Vukovar was defended by around 1,800 lightly armed soldiers of the Croatian National Guard (ZNG) and civilian volunteers, against as many as 36,000 JNA soldiers and Serb paramilitaries equipped with heavy armour and artillery. During the battle, shells and rockets were fired into the town at a rate of up to 12,000 a day. At the time, it was the fiercest and most protracted battle seen in Europe since 1945, and Vukovar was the first major European town to be entirely destroyed since the Second World War. When Vukovar fell on 18 November 1991, several hundred soldiers and civilians were massacred by Serb forces and at least 20,000 inhabitants were expelled. Overall, around 3,000 people died during the battle. Most of Vukovar was ethnically cleansed of its non-Serb population and became part of the self-declared proto-state Republic of Serbian Krajina. Several Serb military and political officials, including Milošević, were later indicted and in some cases jailed for war crimes committed during and after the battle. (Full article...)

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Mladen Lorković (1 March 1909 – April 1945) was a Croatian politician and lawyer who became a senior member of the Ustaše and served as the Foreign Minister and Minister of Interior of the Independent State of Croatia (NDH) during World War II. Lorković led the Lorković-Vokić plot, an attempt to establish a coalition government between the Ustaše and the Croatian Peasant Party and align the Independent State of Croatia with the Allies.

As a student, he joined the Croatian Party of Rights but, viewed as a dissident in the Kingdom of Yugoslavia, he fled the country to avoid arrest and eventually settled in Germany where he obtained a doctorate in law at the University of Berlin. In 1934, he joined the Ustaše and became a close associate of Ante Pavelić. Although he was initially commander of all Ustaše in Germany, where he sought support in creating and protecting a Croatian state, he later became leader of all Ustaše outside Italy. Soon after the establishment of the NDH, he was appointed as Foreign Minister and strongly opposed Italian influence on the state. After his cabinet chief, Ivo Kolak, was executed in 1943 for smuggling gold, Lorković was removed from office but later named Minister of Interior. As Minister of Interior, he negotiated with the Croatian Peasant Party (HSS) in the hopes of establishing a coalition government. He also held secret negotiations with HSS representatives to propose having the NDH join the Allies against Germany. Although he apparently had the support of Pavelić, he and his cohorts were soon arrested as conspirators against the state and after a period in detention was executed at the end of April 1945 alongside Ante Vokić. (Full article...)

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The A1 motorway (Croatian: Autocesta A1) is the longest motorway in Croatia, spanning 476.3 kilometers (296.0 mi). As it connects the nation's capital Zagreb to the second largest city Split, the motorway represents a major north–south transportation corridor in Croatia and a significant part of the Adriatic–Ionian motorway. Apart from Zagreb and Split, the A1 motorway runs near a number of major Croatian cities, provides access to several national parks or nature parks, world heritage sites, and numerous resorts, especially along the Adriatic Coast. National significance of the motorway is reflected through its positive economic impact on the cities and towns it connects as well as its importance to tourism in Croatia.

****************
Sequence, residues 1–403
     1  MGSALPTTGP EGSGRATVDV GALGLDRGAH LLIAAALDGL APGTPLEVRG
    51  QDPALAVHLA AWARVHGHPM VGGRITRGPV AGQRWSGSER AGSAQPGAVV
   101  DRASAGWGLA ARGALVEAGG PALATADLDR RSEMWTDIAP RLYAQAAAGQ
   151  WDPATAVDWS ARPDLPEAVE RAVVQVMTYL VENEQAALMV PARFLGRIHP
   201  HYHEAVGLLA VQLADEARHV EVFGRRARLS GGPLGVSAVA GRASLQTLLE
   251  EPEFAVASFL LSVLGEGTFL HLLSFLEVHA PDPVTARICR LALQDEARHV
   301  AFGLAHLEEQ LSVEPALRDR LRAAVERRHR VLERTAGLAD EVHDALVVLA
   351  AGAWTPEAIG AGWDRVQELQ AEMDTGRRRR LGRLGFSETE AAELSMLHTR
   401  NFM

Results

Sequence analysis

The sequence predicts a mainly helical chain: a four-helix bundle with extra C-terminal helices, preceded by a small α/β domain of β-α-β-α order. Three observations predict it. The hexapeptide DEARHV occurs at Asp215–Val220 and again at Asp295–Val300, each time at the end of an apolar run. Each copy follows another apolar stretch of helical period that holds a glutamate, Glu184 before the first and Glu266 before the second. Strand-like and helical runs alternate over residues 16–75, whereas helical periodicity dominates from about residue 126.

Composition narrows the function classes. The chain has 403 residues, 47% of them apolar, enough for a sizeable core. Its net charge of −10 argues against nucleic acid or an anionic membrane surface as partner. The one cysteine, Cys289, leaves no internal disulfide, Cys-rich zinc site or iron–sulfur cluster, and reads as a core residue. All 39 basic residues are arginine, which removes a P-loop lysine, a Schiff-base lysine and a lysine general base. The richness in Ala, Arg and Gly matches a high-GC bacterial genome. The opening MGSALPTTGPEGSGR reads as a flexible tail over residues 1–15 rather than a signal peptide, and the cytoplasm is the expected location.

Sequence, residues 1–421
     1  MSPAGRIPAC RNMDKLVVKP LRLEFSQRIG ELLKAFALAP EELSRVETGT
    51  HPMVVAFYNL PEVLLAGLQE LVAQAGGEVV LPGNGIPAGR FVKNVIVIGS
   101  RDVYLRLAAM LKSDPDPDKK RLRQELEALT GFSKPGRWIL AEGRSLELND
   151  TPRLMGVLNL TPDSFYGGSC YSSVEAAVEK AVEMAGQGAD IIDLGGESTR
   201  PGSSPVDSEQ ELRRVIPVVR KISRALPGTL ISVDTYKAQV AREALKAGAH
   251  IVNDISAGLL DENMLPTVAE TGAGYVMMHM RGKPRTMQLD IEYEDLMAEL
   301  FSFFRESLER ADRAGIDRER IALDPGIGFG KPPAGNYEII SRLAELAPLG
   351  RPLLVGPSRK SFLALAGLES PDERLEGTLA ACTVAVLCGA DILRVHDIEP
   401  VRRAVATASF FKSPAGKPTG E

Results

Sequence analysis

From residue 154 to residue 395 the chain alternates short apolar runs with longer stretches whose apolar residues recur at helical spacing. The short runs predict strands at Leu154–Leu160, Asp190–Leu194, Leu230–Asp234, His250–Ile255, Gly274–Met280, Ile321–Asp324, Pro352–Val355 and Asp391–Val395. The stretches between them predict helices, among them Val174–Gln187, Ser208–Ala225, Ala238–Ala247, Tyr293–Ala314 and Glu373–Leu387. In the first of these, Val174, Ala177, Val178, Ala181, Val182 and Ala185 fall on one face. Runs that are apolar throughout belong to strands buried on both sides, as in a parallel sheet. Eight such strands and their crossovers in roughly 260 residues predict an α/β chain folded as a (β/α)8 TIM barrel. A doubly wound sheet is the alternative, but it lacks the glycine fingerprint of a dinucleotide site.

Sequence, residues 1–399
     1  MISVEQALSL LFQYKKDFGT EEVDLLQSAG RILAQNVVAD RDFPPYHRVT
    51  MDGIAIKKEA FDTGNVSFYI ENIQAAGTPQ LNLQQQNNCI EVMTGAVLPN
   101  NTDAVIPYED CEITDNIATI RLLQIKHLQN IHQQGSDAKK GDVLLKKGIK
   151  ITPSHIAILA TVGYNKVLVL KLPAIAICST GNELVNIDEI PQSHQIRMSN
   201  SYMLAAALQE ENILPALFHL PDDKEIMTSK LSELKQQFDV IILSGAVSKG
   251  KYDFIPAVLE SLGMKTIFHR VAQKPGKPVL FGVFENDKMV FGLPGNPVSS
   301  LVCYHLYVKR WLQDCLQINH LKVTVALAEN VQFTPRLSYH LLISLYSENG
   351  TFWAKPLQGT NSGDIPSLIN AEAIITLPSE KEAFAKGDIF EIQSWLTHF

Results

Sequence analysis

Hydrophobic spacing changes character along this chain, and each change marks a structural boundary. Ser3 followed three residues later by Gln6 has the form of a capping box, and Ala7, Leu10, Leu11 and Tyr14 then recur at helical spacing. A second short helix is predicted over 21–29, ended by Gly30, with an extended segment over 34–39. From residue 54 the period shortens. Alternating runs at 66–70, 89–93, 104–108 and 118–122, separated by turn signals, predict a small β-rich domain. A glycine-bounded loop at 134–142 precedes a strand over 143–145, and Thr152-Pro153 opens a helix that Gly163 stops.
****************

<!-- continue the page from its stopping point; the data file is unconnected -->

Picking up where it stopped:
The motorway consists of two traffic lanes and an emergency lane in each driving direction separated by a central reservation. All intersections of the A1 motorway are grade separated. As the route traverses rugged mountainous and coastal terrain, it has required 376 bridges, viaducts, tunnels and other similar structures in sections completed , including the two longest tunnels in Croatia and two bridges comprising spans of 200 meters (660 ft) or more. There are 33 exits and 26 rest areas operating along the route. As the motorway is tolled using a ticket system and vehicle classification in Croatia, each exit includes a toll plaza. (Full article...)

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A part of the harbour in Pula, Croatia, under sunset. Pula (Slovene: Pulj; Istriot Pula; Italian: Pola) is the largest city in Istria, situated at the southern tip of the peninsula, with a population of 62,080 (2006).

Like the rest of the region, it is known for its mild climate, tame sea, and unspoiled nature. The city has a long tradition of winemaking, fishing, shipbuilding, and tourism. Pula has also been Istria's administrative center since ancient Roman times.